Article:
The government may roll out a second stimulus package early next year if unemployment rates fail to improve, according to analysts and business leaders.
Unemployment rates could stay high in both urban and rural areas, and cash-strapped state budgets will put political pressure on Washington to unveil fresh stimulus measures.
“Though they won't call it a second stimulus, they'll call it a creative name,” says Harold Ford, Jr., vice chairman and senior policy adviser at Bank of America Merrill Lynch, according to Dow Jones newswires.
Furthermore, Democratic legislators approaching the 2010 elections will not want to face their opponents without having made a dent in unemployment rates, says Ethan Harris, Bank of America Merrill Lynch's head of North America economics.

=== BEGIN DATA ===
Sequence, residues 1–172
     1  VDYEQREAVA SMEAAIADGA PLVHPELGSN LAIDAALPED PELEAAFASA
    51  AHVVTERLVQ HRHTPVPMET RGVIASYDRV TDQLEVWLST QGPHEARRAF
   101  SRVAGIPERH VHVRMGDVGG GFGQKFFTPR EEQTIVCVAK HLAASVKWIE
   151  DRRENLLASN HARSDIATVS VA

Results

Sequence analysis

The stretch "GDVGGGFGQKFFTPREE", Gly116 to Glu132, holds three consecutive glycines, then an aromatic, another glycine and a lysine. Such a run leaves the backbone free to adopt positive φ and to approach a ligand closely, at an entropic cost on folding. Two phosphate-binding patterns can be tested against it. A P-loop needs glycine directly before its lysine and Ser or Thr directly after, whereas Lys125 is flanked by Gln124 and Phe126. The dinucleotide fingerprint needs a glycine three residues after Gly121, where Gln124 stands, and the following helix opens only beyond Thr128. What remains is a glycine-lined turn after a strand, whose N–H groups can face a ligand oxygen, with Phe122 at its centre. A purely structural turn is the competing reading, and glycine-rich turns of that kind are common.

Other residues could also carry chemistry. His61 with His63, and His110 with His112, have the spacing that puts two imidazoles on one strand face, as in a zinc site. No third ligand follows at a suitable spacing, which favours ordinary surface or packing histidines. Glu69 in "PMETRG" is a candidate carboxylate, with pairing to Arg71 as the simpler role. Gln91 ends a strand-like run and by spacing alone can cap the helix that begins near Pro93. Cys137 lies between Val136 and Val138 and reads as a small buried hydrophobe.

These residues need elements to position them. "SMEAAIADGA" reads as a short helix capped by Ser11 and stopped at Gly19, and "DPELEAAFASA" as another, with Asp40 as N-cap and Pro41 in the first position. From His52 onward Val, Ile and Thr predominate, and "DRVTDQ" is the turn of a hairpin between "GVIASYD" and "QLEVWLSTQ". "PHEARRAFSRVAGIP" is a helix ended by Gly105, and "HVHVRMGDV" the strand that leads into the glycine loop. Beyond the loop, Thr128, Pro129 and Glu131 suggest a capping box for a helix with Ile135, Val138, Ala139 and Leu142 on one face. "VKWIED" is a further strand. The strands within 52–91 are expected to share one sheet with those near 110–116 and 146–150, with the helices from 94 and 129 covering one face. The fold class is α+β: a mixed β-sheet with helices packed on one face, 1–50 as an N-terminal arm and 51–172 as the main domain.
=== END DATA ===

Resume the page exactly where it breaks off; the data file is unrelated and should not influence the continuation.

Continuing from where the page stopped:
More government spending would likely target technology, clean energy and exports, participants said at a Merrill Lynch Global Wealth Management panel.
“We just have to think about this country more as an exporter in the future,” says General Electric Chairman and CEO Jeffrey Immelt.
Some in Congress are already pushing for new legislation designed to create jobs but stop short of calling it a stimulus.
Democratic House Majority Leader Steny Hoyer said he wants a new bill passed by Dec. 18, according to the AFP newswire.
“I wouldn't characterize it as a second stimulus. I don't want to be as broad as that. I want to be very targeted on jobs,” says Hoyer, who declined to provide monetary details of what the bill might include.
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